DANGERS FOUND IN FLOOD WATER
MANILA, Philippines—Every Filipino should be aware of the dangers lurking beneath the murky flood waters, especially during the rainy season.
According to the Philippine Atmospheric, Geophysical & Atsronomical Services Administration (PAGASA), “Fabian”, the recent tropical depression has left the Philippine Area of Responsibility.
We are still advised to prepare for light to moderate rains and thunderstorms.
Did you know that aside from the heavy rains and flooding the rainy season can bring, there are also bacterial and viral contaminants found in our flood waters?
Even after the flood subsides in a certain area, bacteria and viruses still lurk around the area itself.
Flood waters can also bring with them insects, parasites and other objects that can be dangerous to people.
Not only should we be prepared for sudden rains and floods this rainy season, we should also be aware of our family’s safety when it comes to daily activities such as proper food preparation and keeping our clothes clean and germ-free.
According to the Centers for Disease and Control Prevention (CDC), flood water can be contaminated by different kinds of bacteria and viruses.
People who are around previously flooded areas can potentially be exposed to microbial contamination.
CDC mentioned that outdoor areas such as fields, residential septic systems, municipal sanitary sewer systems and agricultural areas can be common sources of contaminants that mix into flood water when it rains.
These areas contribute to the contamination of flood water by excreting chemicals and bacteria whenever it floods.
These microbes and contaminants in flood water can then infect people when it floods in their communities.
CDC says that flood water contains bacteria, viruses, protozoa and helminthes.
Did you know that bacteria can survive on the soil for 2 to 3 months after a flood?
Microbes are known to have the ability to survive on a surface for long periods of time.
These pathogens are deemed to be dangerous to human health during and after a flood.
Being exposed to contaminated flood water can cause illnesses that can be mild to life-threatening.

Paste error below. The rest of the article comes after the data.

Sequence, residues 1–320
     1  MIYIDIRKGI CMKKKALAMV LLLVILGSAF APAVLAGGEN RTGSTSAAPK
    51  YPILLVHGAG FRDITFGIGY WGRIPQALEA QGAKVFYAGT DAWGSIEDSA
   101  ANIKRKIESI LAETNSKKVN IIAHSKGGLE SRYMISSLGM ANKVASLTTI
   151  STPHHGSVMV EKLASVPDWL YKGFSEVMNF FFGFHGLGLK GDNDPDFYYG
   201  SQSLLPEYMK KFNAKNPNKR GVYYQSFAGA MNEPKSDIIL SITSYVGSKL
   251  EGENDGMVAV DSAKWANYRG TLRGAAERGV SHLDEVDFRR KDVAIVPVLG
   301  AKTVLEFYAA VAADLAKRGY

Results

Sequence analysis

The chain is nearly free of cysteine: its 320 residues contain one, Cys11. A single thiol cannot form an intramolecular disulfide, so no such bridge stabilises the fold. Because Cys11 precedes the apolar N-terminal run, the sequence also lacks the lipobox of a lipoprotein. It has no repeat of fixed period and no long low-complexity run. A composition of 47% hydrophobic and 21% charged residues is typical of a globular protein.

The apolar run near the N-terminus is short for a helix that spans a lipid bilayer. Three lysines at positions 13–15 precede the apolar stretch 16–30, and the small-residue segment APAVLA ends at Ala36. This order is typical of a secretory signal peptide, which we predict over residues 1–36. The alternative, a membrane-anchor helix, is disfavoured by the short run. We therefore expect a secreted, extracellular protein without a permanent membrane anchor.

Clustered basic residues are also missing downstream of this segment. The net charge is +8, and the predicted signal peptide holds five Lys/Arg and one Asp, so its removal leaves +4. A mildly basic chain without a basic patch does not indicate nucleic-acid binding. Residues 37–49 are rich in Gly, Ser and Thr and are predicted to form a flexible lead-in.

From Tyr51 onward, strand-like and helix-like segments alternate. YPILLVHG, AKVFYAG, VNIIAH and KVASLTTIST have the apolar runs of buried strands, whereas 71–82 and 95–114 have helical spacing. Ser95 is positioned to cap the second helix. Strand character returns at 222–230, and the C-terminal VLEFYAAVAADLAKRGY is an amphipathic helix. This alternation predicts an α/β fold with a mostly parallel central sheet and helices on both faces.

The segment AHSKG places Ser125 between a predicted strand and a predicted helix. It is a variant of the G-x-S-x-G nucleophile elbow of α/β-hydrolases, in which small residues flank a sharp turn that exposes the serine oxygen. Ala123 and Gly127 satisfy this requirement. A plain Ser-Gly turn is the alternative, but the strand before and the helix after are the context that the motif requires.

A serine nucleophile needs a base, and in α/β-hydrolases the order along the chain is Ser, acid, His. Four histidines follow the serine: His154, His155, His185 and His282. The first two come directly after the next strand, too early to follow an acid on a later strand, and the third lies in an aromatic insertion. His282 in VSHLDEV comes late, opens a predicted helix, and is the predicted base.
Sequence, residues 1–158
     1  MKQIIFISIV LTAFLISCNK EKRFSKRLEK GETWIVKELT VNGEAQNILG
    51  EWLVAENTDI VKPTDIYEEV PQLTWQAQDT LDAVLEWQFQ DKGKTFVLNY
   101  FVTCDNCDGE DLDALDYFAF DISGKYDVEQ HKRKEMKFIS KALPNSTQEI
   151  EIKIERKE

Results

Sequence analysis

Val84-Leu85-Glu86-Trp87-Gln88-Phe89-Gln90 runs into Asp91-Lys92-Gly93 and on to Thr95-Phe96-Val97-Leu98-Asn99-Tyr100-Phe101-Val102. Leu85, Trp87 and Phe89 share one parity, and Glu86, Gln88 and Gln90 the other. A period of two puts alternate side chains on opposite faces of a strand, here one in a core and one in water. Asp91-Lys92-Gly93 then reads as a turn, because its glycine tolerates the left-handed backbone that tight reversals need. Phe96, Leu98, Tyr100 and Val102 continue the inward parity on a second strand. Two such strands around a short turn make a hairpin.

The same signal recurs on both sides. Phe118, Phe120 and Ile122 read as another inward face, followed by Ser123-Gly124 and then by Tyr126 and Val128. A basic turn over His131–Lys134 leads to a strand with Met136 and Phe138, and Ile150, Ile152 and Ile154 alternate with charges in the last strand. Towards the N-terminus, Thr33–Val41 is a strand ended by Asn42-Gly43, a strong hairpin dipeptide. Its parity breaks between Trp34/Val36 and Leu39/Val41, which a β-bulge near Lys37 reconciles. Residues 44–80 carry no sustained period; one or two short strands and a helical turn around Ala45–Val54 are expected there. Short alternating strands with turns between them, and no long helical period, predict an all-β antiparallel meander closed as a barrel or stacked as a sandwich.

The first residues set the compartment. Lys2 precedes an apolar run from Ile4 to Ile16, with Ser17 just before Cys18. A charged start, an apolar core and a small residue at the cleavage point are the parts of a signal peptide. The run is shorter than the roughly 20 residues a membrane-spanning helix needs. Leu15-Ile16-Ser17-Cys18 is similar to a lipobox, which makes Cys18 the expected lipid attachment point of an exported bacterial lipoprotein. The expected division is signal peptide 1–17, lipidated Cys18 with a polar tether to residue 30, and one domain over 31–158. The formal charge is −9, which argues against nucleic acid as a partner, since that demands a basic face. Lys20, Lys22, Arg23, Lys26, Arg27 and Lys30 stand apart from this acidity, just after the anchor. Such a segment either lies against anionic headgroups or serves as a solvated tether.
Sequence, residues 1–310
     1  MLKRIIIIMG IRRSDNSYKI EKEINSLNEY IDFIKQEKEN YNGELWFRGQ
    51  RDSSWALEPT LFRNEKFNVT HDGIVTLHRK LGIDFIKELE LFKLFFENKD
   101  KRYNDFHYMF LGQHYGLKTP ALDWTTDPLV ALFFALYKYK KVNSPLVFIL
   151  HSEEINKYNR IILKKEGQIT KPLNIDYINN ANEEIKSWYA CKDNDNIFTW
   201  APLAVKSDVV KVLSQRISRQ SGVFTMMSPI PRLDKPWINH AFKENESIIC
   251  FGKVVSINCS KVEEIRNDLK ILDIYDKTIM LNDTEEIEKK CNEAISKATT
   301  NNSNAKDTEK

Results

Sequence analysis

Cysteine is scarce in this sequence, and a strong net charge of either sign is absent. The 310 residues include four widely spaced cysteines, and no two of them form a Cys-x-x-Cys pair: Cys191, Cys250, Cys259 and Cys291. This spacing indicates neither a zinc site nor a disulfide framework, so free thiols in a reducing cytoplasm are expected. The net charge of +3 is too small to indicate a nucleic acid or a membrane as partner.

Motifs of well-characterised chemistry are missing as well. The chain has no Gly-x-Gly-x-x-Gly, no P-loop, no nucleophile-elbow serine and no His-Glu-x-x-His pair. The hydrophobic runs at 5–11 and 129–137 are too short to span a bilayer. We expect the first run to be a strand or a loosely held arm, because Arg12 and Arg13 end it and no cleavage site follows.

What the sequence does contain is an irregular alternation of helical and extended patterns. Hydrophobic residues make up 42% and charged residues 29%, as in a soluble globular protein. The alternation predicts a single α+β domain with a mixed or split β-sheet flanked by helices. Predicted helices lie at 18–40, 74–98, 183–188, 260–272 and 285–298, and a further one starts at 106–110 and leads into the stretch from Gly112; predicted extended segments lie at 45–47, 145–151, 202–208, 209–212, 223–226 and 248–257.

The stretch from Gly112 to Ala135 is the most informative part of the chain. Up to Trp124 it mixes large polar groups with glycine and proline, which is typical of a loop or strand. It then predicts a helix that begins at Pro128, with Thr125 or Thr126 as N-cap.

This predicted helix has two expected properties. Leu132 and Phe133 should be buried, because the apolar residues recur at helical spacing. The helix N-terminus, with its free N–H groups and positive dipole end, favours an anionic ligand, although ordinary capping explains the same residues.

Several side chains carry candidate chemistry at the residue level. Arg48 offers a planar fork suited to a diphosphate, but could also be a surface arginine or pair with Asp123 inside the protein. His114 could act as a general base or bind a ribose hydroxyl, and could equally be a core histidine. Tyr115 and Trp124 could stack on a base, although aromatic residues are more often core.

Diseases such as dysentery, infectious hepatitis, dysentery and severe gastroenteritis can be acquired by simply being in contact with contaminated flood water.
Aside from bacteria, fungi and viruses found floating around flood water, there are also physical dangers that can be lurking around.
The dangers lurking beneath flood waters
Flood water is usually murky; therefore, you will have a hard time seeing what you will be walking on and what you might be exposed to.
CDC mentioned that eating and drinking anything that came in contact with flood water can cause diarrhea or loose bowel movement.
Contaminants found in flood waters can infect open wounds.
Leptospirosis is one of the common diseases caused by wading in flood water. If a person comes in contact with flood water that contains urine of animals such as rats, they can get infected.
Skin infections such as jock itch, ringworm and athlete’s foot can also be acquired when your skin comes in contact with flood water.
CDC also mentioned that chemical components from hazardous chemical containers of solvents from industries’ storage places can be swept away by flood as well.
This can potentially harm a person’s skin and overall health.
Drowning is also a risk for everyone who lives near flooded areas, regardless of their ability to swim.
CDC says that fast moving shallow water can sweep you off your feet, while shallow standing water can be dangerous for small children.
It was also mentioned that flood waters have the ability to carry with it animals, insects and reptiles.
According to the Virginia Department of Health, anyone who walks through flood water can be bitten by snakes or floating insects.
You and your family can also get wounded by sharp objects, glass or metal fragments that can cause injury and infection.
CDC advises health authorities to identify possible contamination sources and provide specific actions in order to avoid further contamination.
Public health education should also include proper hygiene and emphasis on proper precautions when it comes to flood water safety.
Simple practices such as washing your hands with soap and water, proper food preparation and proper washing of clothes can help.
Practicing precautionary measures such as being responsible enough to avoid flooded areas and being hygienic will also play a big role to help in the improvement of one’s health. -With reports from ABS-CBN News